One difference is the new asymmetry between O'Keefe's influence and the influence of the left. The pre-election “rigging the election” videos nailed Democratic operatives who were influential — and invited to the White House — but whose observable influence in the election was limited to getting protesters to rallies. The series that Windsor and Clayton interrupted with their sting got inside the DisruptJ20 mini-movement to wreck the inauguration, and led to one arrest. But DisruptJ20 had little clout even before the sting. Windsor, who broke national news when she obtained audio from inside Koch network donor summits, works under the umbrella of American Family Voices; according to financial filings, its assets at the end of fiscal 2014 amounted to just $40,257.

O'Keefe, meanwhile, has the ear of the president, and gratitude that Trump showed in the form of a ticket to the inauguration. His responses to Windsor et al have portrayed them as alternately ineffective and unhinged. In the video Project Veritas released about Clayton and Windsor, the activists were portrayed as dangerous, threatening characters who had tried but failed to disrupt honest work.

And the Friends of Abe sting itself did not expose much that O'Keefe had not said in public. By using the Q&A to get thrown out, Clayton sparked a second-day story about being roughed up, but no new information about O'Keefe's plans. Project Veritas has, over the years, perfected a style of asking pointed or leading questions to pull embarrassing answers out of targets. Its antagonists have not.

“The plan was to interview him as he walked out of the building later and ask a bunch of questions like that, most importantly about his funding from the Donald J. Trump Foundation and his personal relationship with Donald Trump,” Clayton explained in an email. “During his speech, he essentially made that connection for us by bragging about phone calls with President Trump, and so the most important part was covered.”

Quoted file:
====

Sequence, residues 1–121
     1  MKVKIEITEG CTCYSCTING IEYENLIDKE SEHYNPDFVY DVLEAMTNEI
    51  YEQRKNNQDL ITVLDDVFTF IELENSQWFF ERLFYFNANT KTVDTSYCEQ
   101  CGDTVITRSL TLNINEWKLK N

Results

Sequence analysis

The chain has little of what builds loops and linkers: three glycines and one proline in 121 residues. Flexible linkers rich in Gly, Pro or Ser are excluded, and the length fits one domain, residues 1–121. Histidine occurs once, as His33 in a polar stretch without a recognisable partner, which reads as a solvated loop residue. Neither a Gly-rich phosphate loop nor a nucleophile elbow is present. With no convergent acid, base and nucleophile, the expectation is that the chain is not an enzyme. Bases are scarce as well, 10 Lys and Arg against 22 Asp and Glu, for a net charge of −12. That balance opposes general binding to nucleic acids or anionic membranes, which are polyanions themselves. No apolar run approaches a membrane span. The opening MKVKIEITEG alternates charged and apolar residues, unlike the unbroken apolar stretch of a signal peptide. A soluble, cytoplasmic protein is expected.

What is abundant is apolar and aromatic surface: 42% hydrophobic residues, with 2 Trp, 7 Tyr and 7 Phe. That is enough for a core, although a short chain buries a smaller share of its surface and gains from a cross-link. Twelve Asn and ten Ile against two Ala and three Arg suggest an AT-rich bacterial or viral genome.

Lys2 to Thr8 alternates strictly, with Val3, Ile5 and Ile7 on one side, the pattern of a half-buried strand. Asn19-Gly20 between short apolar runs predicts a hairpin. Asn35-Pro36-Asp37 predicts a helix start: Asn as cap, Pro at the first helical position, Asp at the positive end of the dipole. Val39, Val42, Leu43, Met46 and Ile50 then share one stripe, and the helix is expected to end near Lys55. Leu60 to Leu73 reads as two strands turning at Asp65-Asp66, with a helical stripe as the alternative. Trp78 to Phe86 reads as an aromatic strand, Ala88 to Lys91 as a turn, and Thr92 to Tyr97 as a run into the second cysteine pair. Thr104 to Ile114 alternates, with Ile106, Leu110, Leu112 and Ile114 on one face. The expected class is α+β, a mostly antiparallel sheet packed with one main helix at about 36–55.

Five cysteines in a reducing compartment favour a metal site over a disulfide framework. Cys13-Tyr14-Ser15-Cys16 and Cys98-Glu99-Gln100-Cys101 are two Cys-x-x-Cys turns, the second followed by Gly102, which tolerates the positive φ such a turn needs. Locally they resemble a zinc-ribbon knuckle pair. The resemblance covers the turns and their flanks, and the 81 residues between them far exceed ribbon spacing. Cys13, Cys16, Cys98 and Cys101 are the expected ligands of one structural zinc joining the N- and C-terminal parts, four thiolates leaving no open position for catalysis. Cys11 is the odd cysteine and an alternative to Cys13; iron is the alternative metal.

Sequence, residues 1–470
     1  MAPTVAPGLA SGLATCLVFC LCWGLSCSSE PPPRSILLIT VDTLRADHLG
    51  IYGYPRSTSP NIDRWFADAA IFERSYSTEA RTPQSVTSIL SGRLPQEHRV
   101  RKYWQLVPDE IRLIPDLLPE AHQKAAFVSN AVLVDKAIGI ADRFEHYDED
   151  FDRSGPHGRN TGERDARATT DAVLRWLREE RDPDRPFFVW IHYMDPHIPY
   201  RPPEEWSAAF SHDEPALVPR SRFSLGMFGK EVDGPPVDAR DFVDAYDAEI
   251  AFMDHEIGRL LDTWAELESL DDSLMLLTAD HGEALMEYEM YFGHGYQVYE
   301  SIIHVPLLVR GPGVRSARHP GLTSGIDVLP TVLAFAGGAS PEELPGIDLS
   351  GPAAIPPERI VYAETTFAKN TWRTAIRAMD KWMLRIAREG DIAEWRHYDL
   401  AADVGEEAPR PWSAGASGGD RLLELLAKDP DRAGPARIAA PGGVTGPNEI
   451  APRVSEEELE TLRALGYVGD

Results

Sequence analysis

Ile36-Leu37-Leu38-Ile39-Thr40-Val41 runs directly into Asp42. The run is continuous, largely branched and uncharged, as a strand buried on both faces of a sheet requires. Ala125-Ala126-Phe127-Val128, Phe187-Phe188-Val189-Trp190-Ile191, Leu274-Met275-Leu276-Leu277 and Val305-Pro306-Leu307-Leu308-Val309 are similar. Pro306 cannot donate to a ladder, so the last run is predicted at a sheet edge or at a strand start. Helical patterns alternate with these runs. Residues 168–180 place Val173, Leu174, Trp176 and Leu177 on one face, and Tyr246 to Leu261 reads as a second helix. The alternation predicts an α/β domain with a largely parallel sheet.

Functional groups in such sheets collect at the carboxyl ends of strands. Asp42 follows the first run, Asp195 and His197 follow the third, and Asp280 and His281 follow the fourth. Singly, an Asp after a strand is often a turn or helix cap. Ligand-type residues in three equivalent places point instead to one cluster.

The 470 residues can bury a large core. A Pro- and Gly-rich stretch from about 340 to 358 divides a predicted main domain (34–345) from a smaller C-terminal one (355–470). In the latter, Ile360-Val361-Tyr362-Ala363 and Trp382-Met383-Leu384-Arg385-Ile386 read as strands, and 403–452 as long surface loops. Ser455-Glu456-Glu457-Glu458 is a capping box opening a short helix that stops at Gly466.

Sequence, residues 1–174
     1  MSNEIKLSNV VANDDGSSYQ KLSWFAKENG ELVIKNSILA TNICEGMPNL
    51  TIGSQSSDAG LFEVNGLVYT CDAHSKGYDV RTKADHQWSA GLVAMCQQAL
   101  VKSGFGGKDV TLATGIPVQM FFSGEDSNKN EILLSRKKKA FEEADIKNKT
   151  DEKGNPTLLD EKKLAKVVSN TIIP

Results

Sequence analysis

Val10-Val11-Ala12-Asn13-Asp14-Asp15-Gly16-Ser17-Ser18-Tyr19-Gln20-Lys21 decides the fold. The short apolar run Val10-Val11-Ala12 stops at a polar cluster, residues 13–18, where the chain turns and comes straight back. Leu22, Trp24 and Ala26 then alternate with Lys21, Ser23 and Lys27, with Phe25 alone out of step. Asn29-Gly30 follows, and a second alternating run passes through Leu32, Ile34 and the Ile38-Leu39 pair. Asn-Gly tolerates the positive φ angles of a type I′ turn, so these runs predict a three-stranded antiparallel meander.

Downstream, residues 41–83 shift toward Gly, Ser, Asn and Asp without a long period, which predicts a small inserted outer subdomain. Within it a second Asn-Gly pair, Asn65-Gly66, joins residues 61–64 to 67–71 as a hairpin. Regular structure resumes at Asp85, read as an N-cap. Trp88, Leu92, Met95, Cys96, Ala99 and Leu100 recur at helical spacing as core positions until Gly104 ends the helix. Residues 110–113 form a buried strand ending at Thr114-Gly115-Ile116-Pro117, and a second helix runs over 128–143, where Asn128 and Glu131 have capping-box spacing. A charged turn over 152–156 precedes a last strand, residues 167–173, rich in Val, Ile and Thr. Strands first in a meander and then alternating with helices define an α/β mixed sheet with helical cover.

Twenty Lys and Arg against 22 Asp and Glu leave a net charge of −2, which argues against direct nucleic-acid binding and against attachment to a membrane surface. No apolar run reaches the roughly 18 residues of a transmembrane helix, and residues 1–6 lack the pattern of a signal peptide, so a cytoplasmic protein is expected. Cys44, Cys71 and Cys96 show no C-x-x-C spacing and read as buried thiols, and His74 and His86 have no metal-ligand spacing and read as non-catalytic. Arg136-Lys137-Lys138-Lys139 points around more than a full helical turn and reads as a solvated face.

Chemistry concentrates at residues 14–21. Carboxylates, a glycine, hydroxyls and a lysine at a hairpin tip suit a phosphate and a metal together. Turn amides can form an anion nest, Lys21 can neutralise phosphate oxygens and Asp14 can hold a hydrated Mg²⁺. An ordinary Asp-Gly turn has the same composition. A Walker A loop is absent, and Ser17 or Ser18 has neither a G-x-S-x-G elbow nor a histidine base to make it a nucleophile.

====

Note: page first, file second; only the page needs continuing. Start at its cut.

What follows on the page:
On Thursday, Clayton's sting partner Justin Charter (but not Clayton or Windsor) also participated in a botched attempt to promote the counter-O'Keefe campaign — a news conference called by DisruptJ20 to expose “new information” about O'Keefe. Set for the National Press Club, it was moved at the last minute to an adjacent food court, where a small group of confused journalists listened to a rambling presentation interrupted several times by a security guard asking when they could possibly leave. A Project Veritas ally easily found the conference, and Friday, O'Keefe released a video making fun of what he'd found — and of the very idea that he needed to be “exposed.”

“We welcome anyone who peacefully disagrees with us to any public forum or event we may be hosting,” said Project Veritas spokesman Steve Gordon.

But the O'Keefe stingers believe they have disrupted what had been a pipeline from Project Veritas to the mainstream conservative media. PV's investigation of inauguration plotters led to an investigation, but did not break through the media. On Twitter last week, O'Keefe suggested that Fox News had put the organization on a blacklist.

That, Windsor et al believe, was likely a result of the counter-sting raising too many questions about what Project Veritas had in the can. But with Trump in the White House, for the first time, O'Keefe is a member of a political establishment. At the Friends of Abe speech, as in the well-covered speech he gave at the pre-inauguration “DeploraBall,” O'Keefe boasted that the media was becoming irrelevant, and that Trump was speeding that process along. Media outlets might ignore his videos, but state legislators did not. Trump, he said, was the media's assignment editor; O'Keefe's own work would continue to reveal how the president's enemies were hopelessly corrupt.

“We have video tapes in Newark of teachers union representatives bragging about how a child was raped and they covered it up,” said O'Keefe. “When people see those videos, maybe Betsy DeVos would be a little bit less controversial.”